The Long and Winding Road

Cabin in the tundra

I took this image at sunset on a stormy day in Canada’s northern territory of Nunavut, in the Canadian Arctic. On that huge expanse of barren flatland, most houses are built on short stilts because of permafrost that makes it virtually impossible to dig deep enough to lay a proper foundation.

The vast majority of the about 31,000 people living in Nunavut are Inuit (about 26,000 or 85%). Inuit are one of the three groups of Aboriginal people who live in the Canadian Arctic (the other two groups being First Nations and Métis): Inuit speak a language called Inuktitut (Nunavut and Inuit are two Inuktitut words respectively meaning “our land” and “the people“) and some of them also speak English. If you venture out of the just 26 communities where most of Nunavut’s Inuit live in that immense territory of almost 2 million square kilometers (about 772,000 sqm), it is not unusual to see isolated cabins such as the one in the image above that Inuit use mostly as a base for hunting.

That day, when I realized that the setting sun was about to briefly peek out of the thick stormy cloud cover, I quickly set up my camera and tripod and framed that dramatic sunset using the winding dirt road created by the wheels of the there ubiquitous quads as an element of the composition leading to the cabin that I placed in one of the rule of thirds “power points” to add an element of interest to what would otherwise have been a flat, static composition.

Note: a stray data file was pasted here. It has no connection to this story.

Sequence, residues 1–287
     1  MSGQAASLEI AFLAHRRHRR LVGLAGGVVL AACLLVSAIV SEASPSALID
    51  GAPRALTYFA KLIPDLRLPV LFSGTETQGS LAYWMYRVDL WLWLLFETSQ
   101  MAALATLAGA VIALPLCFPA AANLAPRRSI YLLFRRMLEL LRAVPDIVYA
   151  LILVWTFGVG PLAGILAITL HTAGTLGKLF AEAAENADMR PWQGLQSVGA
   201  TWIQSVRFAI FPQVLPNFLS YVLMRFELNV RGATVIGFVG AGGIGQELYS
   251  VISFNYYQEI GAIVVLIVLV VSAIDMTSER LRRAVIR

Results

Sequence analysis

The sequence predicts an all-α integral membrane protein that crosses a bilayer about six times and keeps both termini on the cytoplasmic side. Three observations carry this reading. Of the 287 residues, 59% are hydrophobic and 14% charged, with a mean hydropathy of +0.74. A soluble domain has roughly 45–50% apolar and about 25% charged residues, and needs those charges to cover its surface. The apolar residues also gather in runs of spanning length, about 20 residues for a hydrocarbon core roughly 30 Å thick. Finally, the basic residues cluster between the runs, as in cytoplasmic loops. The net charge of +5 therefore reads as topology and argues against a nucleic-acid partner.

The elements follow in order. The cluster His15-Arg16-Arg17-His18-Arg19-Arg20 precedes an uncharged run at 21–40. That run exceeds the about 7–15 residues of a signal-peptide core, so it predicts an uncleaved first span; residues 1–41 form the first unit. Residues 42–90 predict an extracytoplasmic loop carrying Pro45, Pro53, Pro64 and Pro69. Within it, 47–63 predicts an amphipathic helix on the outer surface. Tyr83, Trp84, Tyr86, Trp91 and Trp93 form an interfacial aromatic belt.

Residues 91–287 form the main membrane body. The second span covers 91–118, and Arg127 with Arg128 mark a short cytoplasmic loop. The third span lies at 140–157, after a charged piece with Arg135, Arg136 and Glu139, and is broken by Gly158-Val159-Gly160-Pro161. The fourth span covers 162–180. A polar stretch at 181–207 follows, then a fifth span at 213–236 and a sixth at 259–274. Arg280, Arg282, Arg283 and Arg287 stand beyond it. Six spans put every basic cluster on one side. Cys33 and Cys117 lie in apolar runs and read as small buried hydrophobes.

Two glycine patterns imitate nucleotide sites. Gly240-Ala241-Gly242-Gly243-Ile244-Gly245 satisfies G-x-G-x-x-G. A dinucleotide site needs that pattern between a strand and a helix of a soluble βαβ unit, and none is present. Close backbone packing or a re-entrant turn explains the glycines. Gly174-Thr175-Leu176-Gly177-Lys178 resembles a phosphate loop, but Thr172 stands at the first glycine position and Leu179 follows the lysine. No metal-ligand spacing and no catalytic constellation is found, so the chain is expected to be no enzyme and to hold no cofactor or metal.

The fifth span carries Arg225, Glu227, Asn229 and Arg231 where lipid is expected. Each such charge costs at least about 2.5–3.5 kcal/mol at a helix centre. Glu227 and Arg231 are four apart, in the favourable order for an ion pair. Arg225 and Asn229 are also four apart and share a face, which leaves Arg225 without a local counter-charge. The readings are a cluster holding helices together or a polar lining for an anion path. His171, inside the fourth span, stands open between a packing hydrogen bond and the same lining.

This image brings to my mind the lyrics of the famous Beatles’ song:

The long and winding road that leads to your door
Will never disappear
I’ve seen that road before it always leads me here
Leads me to your door

If you would like to see more images of mine, feel free to browse my Galleries.

As per my copyright notice, please respect my work and do not download, reproduce or use the image above without first seeking my consent. Thank you :-)

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15 thoughts on “The Long and Winding Road

  1. talkavino

    great picture, Stefano, and it is perfectly appropriate in black and white… There is so much mood in it…

    Reply
  2. ChgoJohn

    I really do like this photo, Stefano. The B&W seems to magnify the immenseness of the landscape and absolute isolation of the cabin. This is definitely a road less traveled.

    Reply
    1. Stefano Post author

      Thank you, John! I also like this image better in B&W than color. It enhances a sense of mystery and tension. Kind of an eerie place indeed.

      Reply
    1. Stefano Post author

      Dear Dina,
      I am so glad you liked it! I love the North and the Arctic regions in particular. They are lands of extremes where life still manages to thrive. So fascinating.
      I think you would love them too: I cannot recommend a trip there more!

      Reply
  3. Pingback: Resilient: Inuit Women Out Hunting | Clicks & Corks

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